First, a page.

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DENVER – COVID-19 relief and racial justice are the two most important issues in Denver in the year ahead — and they will also be key topics for several audits in the new 2021 Audit Plan as Denver Auditor Timothy M. O’Brien, CPA, supports the city’s work by assessing safeguards and working to ensure essential services are delivered equitably and without misusing taxpayers’ dollars.

“I hear the concerns of my constituents,” Auditor O’Brien said. “Every person’s life changed this year, and so did how the city of Denver does business. The city’s independent audit function is more important than ever as we work to ensure the city’s limited resources are used to the benefit of everyone.”

The Denver Auditor is required by Denver Charter to publish an Audit Plan for the year ahead by the third Thursday in October every year. The Audit Plan is a flexible document that allows for change due to unforeseen circumstances, as we saw with the pandemic in 2020.

“In the year ahead, we will assess some of the city’s highest risks and newest programs — including efforts to fight systemic racism and how the city is spending millions of dollars in new funding related to the coronavirus pandemic,” Auditor O’Brien said. “In my 2021 Audit Plan, I lay out my roadmap to serving the people of Denver by ensuring accountability, equity, and transparency.”

The independent audit function serves as a tool for good government, transparency, and accountability in the city.

Some key audits in the 2021 plan include:

  • Denver Police Department operations.
  • Diversity, equity, and inclusion.
  • COVID-19 relief funding.
  • Small business loans and grants.
  • Remote work.
  • City shelters.
  • Medical support for people experiencing homelessness.
  • The Medical Examiner’s Office.
  • Park management.
  • Transparency (public notice).

The city faces a tighter budget than we’ve experienced in years, while at the same time managing large and unexpected sources of funding thanks to federal COVID-19 relief. Now, more than ever, the city needs its Auditor to help support efficiency in managing resources and to protect against the misuse of public funds.

Agencies are facing increased pressure to spend large amounts of emergency funding, cut local budgets where possible, move resources into programs where need is highest, and achieve all essential functions of local government — all while many individuals are adjusting to working and supporting their families from home. The city is having to change how it does business on many levels: from where we work, to how we budget, to how we ensure we support our community equitably.

“In a time of great change, proper organization, safeguards, and accountability are indispensable,” Auditor O’Brien said. “We will be able to help the city in 2021 by reviewing the hard work of city agencies to confirm they are continuing to effectively support their missions and goals.”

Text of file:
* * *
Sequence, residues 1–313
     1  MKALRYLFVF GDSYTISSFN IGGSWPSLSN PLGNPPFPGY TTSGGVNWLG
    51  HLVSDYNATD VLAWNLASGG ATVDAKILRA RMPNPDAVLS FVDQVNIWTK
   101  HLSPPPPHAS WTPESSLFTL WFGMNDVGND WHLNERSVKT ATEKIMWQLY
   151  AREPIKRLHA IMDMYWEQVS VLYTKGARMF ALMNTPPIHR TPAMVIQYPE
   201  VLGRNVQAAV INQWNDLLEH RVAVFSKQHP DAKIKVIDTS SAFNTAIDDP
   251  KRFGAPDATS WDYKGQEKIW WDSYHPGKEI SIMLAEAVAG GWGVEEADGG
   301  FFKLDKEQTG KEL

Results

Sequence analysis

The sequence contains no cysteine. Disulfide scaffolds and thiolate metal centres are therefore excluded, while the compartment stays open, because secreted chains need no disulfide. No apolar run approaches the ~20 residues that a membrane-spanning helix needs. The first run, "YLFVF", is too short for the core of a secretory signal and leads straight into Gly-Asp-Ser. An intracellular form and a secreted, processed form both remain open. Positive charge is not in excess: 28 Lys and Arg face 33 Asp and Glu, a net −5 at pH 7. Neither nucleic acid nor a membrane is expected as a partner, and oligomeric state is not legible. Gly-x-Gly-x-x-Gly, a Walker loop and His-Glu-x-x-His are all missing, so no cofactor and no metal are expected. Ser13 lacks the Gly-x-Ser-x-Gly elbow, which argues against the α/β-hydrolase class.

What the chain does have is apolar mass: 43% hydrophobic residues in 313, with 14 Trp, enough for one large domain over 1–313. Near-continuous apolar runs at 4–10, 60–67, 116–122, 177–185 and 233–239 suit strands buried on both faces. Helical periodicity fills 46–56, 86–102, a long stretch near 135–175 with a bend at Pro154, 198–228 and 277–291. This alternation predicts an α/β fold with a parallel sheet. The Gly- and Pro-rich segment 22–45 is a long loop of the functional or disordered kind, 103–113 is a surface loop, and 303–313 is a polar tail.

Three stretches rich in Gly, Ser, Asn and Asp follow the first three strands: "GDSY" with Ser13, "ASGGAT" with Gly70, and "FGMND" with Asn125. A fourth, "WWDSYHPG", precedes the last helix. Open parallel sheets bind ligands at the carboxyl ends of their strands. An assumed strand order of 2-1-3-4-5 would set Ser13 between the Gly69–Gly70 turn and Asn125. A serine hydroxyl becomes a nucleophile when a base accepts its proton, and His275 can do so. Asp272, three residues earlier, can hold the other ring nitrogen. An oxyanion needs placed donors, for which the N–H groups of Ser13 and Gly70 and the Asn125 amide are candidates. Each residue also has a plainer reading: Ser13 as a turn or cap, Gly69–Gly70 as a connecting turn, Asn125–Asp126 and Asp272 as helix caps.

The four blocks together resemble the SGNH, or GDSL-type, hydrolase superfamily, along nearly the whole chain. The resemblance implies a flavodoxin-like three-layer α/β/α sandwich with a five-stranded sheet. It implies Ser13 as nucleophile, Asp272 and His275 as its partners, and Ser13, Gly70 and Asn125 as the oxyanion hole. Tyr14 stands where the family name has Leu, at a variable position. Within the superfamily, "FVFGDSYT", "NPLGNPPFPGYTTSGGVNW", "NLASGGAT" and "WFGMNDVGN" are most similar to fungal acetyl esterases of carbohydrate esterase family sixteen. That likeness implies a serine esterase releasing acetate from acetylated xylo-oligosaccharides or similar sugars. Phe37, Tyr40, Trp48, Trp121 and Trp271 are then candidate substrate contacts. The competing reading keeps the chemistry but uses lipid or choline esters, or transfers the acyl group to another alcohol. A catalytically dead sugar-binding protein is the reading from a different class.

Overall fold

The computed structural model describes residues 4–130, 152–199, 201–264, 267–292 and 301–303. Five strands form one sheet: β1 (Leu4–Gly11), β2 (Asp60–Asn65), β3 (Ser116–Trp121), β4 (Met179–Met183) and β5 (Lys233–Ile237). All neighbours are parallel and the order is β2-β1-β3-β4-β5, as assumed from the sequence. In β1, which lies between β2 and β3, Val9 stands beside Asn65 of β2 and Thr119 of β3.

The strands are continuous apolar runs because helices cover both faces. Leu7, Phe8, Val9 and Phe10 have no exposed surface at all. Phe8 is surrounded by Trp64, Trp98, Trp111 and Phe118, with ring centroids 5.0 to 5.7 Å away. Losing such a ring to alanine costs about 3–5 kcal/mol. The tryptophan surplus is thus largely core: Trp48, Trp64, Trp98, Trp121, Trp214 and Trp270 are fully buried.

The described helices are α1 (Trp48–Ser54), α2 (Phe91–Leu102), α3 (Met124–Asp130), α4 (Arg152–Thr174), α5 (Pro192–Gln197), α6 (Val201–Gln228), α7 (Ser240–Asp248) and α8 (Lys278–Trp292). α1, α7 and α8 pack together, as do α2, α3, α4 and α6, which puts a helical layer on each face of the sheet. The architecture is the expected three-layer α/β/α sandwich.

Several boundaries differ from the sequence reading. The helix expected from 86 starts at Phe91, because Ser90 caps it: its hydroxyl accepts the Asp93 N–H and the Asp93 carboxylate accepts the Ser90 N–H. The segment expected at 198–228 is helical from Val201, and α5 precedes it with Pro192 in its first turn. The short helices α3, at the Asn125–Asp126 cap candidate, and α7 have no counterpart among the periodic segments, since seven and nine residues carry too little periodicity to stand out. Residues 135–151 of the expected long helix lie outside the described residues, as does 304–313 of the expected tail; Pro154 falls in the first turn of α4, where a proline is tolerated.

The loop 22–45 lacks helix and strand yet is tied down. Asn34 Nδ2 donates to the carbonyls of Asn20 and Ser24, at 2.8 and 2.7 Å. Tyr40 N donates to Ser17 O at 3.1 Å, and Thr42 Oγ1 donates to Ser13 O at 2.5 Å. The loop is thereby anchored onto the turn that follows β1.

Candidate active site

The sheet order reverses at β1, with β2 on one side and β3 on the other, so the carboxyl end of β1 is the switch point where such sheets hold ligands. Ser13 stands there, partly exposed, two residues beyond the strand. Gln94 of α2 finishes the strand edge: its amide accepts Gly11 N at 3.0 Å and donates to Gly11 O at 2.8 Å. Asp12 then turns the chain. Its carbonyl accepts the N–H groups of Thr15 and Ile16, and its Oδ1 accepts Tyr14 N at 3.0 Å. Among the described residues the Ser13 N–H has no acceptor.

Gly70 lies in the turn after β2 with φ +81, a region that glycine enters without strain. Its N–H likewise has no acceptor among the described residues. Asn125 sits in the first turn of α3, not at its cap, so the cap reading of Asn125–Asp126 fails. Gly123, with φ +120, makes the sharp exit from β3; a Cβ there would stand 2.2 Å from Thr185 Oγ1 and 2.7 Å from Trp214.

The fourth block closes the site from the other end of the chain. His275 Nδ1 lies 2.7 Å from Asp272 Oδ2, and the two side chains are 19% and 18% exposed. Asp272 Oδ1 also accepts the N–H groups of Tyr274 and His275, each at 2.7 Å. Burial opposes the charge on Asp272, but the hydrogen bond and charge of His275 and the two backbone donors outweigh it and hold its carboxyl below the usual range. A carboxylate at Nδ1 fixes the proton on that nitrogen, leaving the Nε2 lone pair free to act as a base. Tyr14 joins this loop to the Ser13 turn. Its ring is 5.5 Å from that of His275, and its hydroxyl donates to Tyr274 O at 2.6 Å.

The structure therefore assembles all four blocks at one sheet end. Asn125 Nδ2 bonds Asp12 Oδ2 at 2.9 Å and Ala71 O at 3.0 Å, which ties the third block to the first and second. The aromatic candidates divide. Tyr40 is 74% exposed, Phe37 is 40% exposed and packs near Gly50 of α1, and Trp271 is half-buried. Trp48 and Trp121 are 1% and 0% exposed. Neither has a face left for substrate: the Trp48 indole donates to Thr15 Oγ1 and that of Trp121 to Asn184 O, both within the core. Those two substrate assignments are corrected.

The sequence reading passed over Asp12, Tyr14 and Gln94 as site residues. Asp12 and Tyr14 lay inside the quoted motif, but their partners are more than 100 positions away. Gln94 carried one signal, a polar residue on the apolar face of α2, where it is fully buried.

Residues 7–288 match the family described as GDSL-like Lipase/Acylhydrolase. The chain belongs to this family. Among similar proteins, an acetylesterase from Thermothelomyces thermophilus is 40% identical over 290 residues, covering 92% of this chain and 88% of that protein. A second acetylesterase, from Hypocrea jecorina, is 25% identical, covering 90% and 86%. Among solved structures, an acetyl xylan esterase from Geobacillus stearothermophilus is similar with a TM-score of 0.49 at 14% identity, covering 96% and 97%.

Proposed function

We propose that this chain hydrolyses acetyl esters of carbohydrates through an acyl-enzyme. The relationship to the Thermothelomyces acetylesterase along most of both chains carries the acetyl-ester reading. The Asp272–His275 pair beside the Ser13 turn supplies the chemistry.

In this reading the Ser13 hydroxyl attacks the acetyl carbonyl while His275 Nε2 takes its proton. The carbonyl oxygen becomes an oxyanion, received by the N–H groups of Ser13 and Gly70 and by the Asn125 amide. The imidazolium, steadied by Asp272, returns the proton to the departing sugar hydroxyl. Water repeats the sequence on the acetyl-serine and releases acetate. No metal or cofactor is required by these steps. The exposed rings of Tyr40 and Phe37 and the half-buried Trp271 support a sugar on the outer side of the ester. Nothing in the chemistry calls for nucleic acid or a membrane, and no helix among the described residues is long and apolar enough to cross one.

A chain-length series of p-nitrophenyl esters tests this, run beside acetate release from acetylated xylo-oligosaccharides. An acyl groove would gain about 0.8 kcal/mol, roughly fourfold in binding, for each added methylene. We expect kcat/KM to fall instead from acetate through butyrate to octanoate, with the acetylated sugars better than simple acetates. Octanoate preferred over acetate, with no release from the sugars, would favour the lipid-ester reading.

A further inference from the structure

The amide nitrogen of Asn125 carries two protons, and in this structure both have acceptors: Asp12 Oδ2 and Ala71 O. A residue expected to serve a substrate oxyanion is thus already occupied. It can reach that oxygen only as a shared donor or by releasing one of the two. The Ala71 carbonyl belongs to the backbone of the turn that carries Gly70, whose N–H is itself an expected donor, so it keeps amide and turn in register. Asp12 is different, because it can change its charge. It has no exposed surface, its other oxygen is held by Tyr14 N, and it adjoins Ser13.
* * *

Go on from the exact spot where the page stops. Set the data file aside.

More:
At a time when racial justice in policing remains of local and national concern, our audit of the Denver Police Department may include a review of officers’ compliance with department requirements and a review of the Support Team Assisted Response Program — which helps reroute some 911 calls to emergency mental health support programs.

Meanwhile, our COVID-19 relief audit will look at the financial framework for CARES Act funding, FEMA funding, and any other public funds associated with relief programs.

“Today, we are all facing the stress of significant change and uncertainty,” Auditor O’Brien said. “As I share my 2021 Audit Plan, I hope to bring some reassurance to the people of Denver that my team will continue to keep a close eye on their behalf.”

As a certified public accountant, Auditor O’Brien is bound by a code of ethics and professional standards. In determining the Audit Plan, Auditor O’Brien brings the obligations of his professional license, as well as the voters’ trust.

Although the ultimate decision to do any audit is at the sole discretion of the Auditor, the Audit Plan was completed with input from city leaders including Mayor Michael Hancock and City Council members, as well as information from previous audits, input from community members, and feedback from agency management.

“I want to share my sincere thanks to the people of Denver, Mayor Hancock, and the members of City Council who all weighed in on the topics most important to them for the 2021 Audit Plan,” Auditor O’Brien said.

Click through our complete list for 2021 and read more about how we do our work and how we select audits on our website.

Read the 2021 Audit Plan

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